Who was Mrs. Cartier?
© Archives photographiques Notman / William Notman / Musée McCord, Montréal, I-10346, 1864
In 1846, George-Étienne Cartier married Hortense Fabre (1828-1898), 15 years his junior. She belonged to one of the most important families in the Francophone bourgeoisie in Montreal. Her father, Édouard-Raymond Fabre, not only owned a bookstore that was the gathering place for the intellectual elite of the day, he was also a printer, importer and retailer. One of Hortense's brothers would become an ultramontane bishop; another, Hector, would become an influential journalist.
Thanks to her upper-middle-class background, Hortense Fabre received a "good education". She studied with the Ursulines and then received special instruction in languages, dance and piano.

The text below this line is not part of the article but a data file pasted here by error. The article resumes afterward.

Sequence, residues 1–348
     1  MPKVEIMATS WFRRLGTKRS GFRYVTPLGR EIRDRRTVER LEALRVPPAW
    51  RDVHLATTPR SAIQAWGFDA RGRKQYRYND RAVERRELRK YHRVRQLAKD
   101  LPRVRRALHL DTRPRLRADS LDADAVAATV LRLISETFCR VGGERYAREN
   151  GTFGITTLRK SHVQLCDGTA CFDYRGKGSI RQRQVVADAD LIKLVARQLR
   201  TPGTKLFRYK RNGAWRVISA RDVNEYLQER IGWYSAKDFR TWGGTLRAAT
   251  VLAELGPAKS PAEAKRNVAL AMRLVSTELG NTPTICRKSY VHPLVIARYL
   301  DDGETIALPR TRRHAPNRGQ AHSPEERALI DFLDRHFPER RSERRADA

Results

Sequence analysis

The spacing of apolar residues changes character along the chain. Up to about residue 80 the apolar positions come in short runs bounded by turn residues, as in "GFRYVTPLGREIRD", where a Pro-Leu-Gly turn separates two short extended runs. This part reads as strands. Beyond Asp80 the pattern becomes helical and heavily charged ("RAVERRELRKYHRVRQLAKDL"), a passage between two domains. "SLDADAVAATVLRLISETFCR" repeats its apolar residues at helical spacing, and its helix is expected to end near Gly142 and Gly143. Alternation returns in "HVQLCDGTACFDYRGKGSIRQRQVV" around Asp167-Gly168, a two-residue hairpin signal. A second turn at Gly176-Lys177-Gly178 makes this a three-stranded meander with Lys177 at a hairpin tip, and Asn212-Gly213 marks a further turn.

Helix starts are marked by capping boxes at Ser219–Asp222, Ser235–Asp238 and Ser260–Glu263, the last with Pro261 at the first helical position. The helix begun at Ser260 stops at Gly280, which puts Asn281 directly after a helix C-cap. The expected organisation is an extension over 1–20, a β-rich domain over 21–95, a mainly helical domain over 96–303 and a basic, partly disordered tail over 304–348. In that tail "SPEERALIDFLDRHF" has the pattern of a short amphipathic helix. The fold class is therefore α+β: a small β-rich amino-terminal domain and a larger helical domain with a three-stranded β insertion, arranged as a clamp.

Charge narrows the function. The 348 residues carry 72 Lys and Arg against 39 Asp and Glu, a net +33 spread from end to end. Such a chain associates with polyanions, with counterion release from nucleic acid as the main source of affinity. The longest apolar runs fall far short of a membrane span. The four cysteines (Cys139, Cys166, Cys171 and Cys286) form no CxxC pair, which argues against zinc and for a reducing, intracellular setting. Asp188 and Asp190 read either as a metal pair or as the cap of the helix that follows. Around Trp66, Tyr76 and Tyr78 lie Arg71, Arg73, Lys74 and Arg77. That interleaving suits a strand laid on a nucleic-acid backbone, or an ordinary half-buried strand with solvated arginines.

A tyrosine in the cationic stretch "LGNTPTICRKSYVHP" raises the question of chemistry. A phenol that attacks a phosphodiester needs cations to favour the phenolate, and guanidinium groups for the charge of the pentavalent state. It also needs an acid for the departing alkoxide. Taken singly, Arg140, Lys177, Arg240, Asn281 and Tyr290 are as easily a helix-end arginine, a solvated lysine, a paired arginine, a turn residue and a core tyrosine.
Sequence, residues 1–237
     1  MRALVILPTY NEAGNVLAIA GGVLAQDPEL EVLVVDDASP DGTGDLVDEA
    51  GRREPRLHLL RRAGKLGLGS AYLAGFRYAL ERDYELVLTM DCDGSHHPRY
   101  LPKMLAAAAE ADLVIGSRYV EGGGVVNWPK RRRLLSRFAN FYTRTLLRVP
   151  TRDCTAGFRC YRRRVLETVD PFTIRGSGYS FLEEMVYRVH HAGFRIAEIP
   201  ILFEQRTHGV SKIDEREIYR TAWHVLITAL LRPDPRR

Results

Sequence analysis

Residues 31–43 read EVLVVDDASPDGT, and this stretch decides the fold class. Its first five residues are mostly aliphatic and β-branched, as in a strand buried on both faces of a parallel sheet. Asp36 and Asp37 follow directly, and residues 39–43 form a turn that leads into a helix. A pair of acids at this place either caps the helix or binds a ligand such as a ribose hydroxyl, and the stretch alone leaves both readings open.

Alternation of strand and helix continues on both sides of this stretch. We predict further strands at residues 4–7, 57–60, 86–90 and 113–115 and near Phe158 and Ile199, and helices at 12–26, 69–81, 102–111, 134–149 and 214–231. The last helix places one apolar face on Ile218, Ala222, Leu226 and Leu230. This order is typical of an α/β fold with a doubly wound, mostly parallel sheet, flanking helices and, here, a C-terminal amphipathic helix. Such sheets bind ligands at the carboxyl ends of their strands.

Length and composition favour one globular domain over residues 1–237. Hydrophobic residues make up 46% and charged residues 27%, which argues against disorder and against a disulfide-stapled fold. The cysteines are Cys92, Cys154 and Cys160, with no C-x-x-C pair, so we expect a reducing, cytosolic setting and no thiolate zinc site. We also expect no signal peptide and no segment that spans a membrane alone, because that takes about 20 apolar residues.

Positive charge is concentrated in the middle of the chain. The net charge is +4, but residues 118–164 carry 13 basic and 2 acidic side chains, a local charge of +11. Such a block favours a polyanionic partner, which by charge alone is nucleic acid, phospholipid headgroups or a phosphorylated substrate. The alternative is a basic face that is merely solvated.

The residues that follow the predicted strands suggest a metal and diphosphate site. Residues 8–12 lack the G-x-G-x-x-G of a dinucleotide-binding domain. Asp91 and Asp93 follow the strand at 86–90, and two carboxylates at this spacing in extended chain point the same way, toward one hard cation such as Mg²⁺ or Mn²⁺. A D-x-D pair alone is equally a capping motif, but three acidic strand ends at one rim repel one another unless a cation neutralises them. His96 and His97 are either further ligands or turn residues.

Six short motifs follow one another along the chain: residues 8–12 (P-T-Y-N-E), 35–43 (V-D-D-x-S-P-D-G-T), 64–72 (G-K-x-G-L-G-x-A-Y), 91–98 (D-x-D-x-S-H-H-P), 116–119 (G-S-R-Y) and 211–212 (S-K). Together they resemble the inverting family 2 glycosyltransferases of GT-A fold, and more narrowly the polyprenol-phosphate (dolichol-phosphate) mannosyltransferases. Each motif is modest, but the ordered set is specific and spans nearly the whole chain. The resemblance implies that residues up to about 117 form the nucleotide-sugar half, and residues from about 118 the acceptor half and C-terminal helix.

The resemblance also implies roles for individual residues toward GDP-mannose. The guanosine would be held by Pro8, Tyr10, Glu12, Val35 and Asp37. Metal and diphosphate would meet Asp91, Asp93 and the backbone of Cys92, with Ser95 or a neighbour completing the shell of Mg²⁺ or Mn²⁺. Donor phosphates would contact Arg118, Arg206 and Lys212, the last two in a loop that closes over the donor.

The relationship between Cartier and his in-laws would be clouded by political differences. For example, during the elections for the mayor of Montreal in 1854, Cartier supported Wilfred Nelson who ran against Édouard-Raymond Fabre, his father-in-law.
From his union with Hortense Fabre, George-Étienne Cartier had three children, all girls: Joséphine (1847), Hortense (1849) and Reine-Victoria (1853). The latter died at the age of thirteen months during the cholera epidemic of 1854, which also carried off Cartier's father-in-law. His two surviving daughters never married and had no children. Joséphine died in1886 and Hortense in 1941. Sir George therefore has no direct descendants.